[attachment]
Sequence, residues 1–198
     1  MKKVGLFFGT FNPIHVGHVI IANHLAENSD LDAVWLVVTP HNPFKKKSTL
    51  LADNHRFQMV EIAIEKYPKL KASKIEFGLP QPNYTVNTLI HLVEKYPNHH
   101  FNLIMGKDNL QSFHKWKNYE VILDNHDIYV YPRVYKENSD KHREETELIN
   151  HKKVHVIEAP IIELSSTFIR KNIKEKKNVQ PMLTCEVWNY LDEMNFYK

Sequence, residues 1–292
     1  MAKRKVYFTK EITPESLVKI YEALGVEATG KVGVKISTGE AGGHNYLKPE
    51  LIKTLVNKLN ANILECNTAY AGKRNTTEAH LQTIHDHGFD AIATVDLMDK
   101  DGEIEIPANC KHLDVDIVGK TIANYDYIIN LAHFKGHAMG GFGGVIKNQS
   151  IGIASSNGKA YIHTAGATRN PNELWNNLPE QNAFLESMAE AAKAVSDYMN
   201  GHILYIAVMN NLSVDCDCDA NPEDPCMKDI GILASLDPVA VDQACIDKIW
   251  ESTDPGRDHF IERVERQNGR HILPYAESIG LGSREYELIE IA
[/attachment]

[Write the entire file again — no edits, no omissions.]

Sequence, residues 1–198
     1  MKKVGLFFGT FNPIHVGHVI IANHLAENSD LDAVWLVVTP HNPFKKKSTL
    51  LADNHRFQMV EIAIEKYPKL KASKIEFGLP QPNYTVNTLI HLVEKYPNHH
   101  FNLIMGKDNL QSFHKWKNYE VILDNHDIYV YPRVYKENSD KHREETELIN
   151  HKKVHVIEAP IIELSSTFIR KNIKEKKNVQ PMLTCEVWNY LDEMNFYK

Sequence, residues 1–292
     1  MAKRKVYFTK EITPESLVKI YEALGVEATG KVGVKISTGE AGGHNYLKPE
    51  LIKTLVNKLN ANILECNTAY AGKRNTTEAH LQTIHDHGFD AIATVDLMDK
   101  DGEIEIPANC KHLDVDIVGK TIANYDYIIN LAHFKGHAMG GFGGVIKNQS
   151  IGIASSNGKA YIHTAGATRN PNELWNNLPE QNAFLESMAE AAKAVSDYMN
   201  GHILYIAVMN NLSVDCDCDA NPEDPCMKDI GILASLDPVA VDQACIDKIW
   251  ESTDPGRDHF IERVERQNGR HILPYAESIG LGSREYELIE IA